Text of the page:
Nitzavim is the last parashah of the Jewish calendar year. In it are several important items to consider as we stand at the threshold of the year 5779.
At the forefront of the message of this parashah is teshuvah. Over and over the message of “return” is put before us; not just the call “to return” but that one day, we “will return” and listen to the voice of G-d. The Rabbis comment on the word tishma (listen) as referring to the need to do learning. “If you are confronted by your yetzer hara (your desire to do bad), drag it to the House of Learning. Even a stone could melt there.” We learn about t’shuvah through learning. This is why we provide Jewish education – so that we can draw closer to our G-d.
There is also a practical aspect to this parashah. We are taught that this commandment to do teshuvah is not so mysterious or too far away. Rather, is very close to us; it is both within our grasp and our potential to do. The psalmist, King David, wrote in Psalm 145:18 “YHVH is near to all who call Him, to all who call Him with truth.” Our G-d is very accessible to us. We believe, as Jews, that no intermediary is necessary to approach G-d. We can return and come close to G-d at any time. Yes, coming fast upon us are the Ten Days of Teshuvah and the day of Yom Kippur, but, just like we say in the Big Book:
What we really have is a daily reprieve contingent on the maintenance of our spiritual condition. Every day is a day when we must carry the vision of G-d’s will into all of our activities. ‘How can I best serve Thee – Thy will (not mine) be done.’” (“Into Action,” page 85)
This is teshuvah! Daily we turn our will and our lives back in the direction of G-d.
Free will/freedom of choice is also highlighted in the parashah. “See! Today, I have set life and goodness, death and badness before you…. Choose life…!” Rambam writes:
The potential is granted for each person to turn to the path of good, if he desires…. If he desires, he may turn to the path of evil…. There is no one forcing him or decreeing what he must do, or leading him to either of these paths. Rather, he tends to the path he chooses out of his own personal thought processes…. This is a fundamental principle….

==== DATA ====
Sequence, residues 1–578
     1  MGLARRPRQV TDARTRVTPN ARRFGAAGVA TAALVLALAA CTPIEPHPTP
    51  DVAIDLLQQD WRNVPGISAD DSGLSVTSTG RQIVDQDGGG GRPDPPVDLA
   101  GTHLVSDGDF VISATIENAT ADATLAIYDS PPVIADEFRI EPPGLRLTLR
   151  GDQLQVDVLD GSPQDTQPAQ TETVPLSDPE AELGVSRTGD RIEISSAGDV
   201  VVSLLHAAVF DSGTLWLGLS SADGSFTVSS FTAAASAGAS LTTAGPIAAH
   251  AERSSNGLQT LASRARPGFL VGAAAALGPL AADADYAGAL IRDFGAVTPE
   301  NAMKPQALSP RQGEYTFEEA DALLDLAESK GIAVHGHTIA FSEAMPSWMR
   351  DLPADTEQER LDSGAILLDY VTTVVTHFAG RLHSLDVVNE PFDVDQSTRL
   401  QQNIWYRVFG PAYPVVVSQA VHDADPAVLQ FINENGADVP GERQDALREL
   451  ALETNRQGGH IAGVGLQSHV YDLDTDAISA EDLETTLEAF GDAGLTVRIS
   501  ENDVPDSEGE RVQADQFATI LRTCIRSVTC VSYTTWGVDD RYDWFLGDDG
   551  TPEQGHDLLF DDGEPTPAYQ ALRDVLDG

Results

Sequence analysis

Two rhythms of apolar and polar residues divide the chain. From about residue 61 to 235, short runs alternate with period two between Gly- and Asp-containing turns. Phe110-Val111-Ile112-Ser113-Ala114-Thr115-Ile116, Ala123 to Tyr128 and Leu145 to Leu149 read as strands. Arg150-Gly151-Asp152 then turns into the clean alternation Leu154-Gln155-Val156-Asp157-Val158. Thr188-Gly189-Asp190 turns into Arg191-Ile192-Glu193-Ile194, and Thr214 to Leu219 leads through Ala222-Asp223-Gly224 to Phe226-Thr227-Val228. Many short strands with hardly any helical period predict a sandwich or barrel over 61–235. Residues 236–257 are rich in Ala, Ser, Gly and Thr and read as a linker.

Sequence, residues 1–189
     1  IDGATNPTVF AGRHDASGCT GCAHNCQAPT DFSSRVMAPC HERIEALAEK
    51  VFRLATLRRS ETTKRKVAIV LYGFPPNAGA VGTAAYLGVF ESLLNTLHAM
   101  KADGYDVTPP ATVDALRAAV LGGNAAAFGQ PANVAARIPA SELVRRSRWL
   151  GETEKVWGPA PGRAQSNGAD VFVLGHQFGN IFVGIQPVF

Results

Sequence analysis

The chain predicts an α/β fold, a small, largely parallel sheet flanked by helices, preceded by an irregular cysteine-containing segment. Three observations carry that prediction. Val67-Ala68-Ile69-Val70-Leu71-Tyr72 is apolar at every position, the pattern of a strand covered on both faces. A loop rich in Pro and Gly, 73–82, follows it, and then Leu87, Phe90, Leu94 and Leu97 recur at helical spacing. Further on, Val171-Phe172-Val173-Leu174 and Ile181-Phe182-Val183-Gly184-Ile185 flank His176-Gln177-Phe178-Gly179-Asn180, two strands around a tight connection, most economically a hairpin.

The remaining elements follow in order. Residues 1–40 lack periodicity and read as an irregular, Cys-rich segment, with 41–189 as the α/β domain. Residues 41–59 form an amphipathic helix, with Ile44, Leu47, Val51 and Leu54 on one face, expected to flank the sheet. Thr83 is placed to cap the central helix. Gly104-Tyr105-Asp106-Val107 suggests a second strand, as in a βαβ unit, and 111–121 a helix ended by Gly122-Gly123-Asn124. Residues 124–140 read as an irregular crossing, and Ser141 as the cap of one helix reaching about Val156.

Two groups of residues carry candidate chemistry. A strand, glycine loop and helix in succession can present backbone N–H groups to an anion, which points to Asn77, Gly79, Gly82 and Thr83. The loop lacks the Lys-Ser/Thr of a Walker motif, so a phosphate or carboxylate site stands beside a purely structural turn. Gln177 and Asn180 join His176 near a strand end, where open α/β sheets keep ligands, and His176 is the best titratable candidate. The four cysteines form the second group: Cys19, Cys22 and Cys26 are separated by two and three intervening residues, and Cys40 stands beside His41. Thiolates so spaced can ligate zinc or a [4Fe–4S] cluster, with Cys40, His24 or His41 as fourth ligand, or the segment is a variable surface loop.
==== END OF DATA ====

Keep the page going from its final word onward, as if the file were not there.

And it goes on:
(Mishneh Torah, Hilchot Teshuvah 5:3)
Me’am Lo’ez speaks of three levels of teshuvah:
1) there are those who feel motivated to return to G-d out of their own volition;
2) others are motivated by fear of what they see happening in the world around them; and
3) there are still others who are even less sensitive and will not repent until something happens to them personally and they experience difficulties in their own lives. This parashah asks us, however, to “choose life” – not for its own sake, but instead out of love for G-d.
Even more, Resh Lakish, himself a ba’al teshuvah, made two statements about teshuvah. In one, he argues based on Hoshea 14:2 that teshuvah changes sinful acts done on purpose (zedonot) to acts done by accident (shegagot). In the second, based on Ezekiel 33:19, he teaches that through teshuvah, sinful acts done on purpose (zedonot) are turned into positive attributes (zekhuyot). How so? The Gemara makes a distinction between teshuvah done out of love and that which is done out of fear. That seems simple enough, so let’s choose love.
As we end this year of 5778, let us all freely choose to make this New Year of 5779 a year of daily teshuvah, a year of learning, and a year of love.